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‘Wicked’ goes for it big time in Fresno

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The folks bringing “Wicked” to Fresno in April 2011 staged a big bash last night for several hundred people at the Saroyan Theatre to promote the show. In an event that was a cross between live infomercial, news conference and pep rally to sell advance group tickets, the “Wicked” promoters — who set up cocktail tables adorned with little witch hats and silver wands in the lobby beforehand — unveiled an ambitious plan to market the popular Broadway musical on an unprecedented scale in Fresno.

From hanging a big map of Oz to lighting the seated audience in an eerie green glow, the advance “Wicked” team ramped up the spectacle, even bringing in a few of the show’s stars (Teal Wicks as Elpheba, pictured in the San Francisco production, and Emily Rosek as Glinda) to sing a couple of the belt-to-the-rafters empowerment ballads that have helped make it such a hit. It was quite the show — and the sell. By the time the presentation — crammed with glowing video testimonials, a taped message from composer Steven Schwartz and a live presentation from “Wicked” producer David Stone — was over, I felt like “Wicked” not only was being pitched as a great musical but as the solution to world peace, plus everyone who sees it is guaranteed to lose 10 pounds.

Key info that emerged at the event:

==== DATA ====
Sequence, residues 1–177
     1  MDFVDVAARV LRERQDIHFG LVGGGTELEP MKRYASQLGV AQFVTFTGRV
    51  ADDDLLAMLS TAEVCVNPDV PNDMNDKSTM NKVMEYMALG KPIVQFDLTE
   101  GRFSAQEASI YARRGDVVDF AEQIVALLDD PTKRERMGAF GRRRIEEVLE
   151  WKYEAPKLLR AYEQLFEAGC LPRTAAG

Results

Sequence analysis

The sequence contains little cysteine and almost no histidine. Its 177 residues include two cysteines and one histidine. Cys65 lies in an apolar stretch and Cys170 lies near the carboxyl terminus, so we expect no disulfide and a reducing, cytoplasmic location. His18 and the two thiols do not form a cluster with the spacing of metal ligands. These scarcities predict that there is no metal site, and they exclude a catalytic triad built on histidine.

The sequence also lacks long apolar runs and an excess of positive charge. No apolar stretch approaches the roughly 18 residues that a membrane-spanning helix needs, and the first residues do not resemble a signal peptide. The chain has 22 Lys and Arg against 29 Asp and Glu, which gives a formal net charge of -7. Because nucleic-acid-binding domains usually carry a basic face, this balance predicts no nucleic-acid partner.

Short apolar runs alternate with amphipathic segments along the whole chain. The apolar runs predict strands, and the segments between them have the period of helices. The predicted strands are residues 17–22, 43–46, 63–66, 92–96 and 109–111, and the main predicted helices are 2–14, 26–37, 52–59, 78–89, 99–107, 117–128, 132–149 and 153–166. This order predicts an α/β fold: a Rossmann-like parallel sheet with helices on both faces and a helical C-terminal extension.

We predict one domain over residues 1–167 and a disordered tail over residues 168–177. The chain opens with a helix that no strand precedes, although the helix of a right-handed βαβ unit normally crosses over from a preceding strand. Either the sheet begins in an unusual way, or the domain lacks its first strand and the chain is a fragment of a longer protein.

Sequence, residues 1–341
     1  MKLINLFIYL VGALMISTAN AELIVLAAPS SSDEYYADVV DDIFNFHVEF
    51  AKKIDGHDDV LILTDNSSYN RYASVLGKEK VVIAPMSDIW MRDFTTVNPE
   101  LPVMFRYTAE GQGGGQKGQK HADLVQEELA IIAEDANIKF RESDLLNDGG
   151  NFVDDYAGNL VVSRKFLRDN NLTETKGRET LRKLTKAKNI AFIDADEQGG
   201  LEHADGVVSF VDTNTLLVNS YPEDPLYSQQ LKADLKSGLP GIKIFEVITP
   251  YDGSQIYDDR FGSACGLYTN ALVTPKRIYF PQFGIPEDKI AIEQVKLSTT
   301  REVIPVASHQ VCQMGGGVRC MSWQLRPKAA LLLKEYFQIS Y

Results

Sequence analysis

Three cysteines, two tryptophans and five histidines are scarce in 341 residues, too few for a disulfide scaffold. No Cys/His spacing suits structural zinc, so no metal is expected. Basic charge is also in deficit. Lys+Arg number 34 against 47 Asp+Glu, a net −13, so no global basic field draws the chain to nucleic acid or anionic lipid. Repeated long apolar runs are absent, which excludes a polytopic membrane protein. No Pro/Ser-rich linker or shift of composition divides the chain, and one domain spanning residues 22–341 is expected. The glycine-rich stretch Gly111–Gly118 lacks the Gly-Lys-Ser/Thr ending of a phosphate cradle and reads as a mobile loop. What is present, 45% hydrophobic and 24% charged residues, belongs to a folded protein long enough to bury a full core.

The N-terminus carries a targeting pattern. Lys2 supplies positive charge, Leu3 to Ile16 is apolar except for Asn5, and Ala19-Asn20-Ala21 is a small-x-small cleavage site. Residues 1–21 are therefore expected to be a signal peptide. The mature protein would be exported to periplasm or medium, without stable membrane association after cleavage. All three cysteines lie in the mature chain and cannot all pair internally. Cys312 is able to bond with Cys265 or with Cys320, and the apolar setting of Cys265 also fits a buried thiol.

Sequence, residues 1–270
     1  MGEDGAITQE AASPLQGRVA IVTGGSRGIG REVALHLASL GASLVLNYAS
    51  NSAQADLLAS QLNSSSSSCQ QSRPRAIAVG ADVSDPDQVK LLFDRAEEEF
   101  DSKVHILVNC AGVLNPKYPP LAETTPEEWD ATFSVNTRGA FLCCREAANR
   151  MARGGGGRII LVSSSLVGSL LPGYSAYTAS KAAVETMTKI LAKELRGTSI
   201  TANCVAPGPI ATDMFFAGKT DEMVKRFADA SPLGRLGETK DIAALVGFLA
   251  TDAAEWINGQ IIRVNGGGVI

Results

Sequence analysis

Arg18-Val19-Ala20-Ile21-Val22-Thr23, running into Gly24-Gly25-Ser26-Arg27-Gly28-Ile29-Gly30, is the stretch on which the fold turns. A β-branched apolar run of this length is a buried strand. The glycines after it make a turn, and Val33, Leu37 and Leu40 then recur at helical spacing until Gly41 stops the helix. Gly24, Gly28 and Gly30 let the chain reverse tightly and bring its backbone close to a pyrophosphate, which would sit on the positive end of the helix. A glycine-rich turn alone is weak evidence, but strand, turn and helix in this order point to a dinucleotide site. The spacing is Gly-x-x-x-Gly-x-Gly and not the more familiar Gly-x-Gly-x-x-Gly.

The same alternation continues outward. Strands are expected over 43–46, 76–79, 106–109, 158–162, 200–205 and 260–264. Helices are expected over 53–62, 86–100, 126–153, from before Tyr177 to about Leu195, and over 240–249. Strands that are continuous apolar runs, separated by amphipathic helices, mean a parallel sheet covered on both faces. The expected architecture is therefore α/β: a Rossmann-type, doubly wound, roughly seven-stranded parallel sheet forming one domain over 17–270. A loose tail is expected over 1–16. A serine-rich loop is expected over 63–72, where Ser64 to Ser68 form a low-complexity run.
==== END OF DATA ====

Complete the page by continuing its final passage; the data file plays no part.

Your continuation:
• There will be 16 performances of “Wicked” during the 12-day run April 6-17, including one Thursday matinee. I can’t remember there ever being a weekday matinee in Fresno.
  • Top ticket price for premium seats at all performances will be at least $125. That’s the top group-ticket price. Group tickets go on sale April 16. There will be 175 premium seats sold at each performance. Single-ticket prices haven’t yet been announced, but they certainly won’t be less than the group price, and could be more.

  • Other group ticket prices for lesser seats are $80, $60 and $50 for Friday/Saturday evenings and Saturday/Sunday matinees; and $72.50, $54.50 and $45.50 for Tuesday-Thursday and Sunday evenings and the Thursday matinee. Again, the single-ticket prices haven’t been announced.
  • There are two ways to get your hands on tickets before seats are available to the general public: get a season-subscription to Broadway in Fresno, or organize a group.
  • The national tour coming to Fresno is essentially the same show you get in New York or San Francisco — with a few less flying monkeys.
  • This is a big step up for Fresno theater, the Broadway in Fresno folks say. If sales go well, this market might be in line for other big touring shows such as “The Phantom of the Opera” and “The Lion King.” “A successful date for “Wicked” is really going to put us on the map for more shows to come,” said Bruce Granath of the series.

Some of my thoughts:

Number of tickets to sell. It’s unprecedented for a show in Fresno. The Saroyan has about 2.400 seats, so at 16 performances, we’re talking about 38,400 tickets to “Wicked.” That’s about three times the capacity of a sold-out Taylor Swift concert at the Save Mart Center.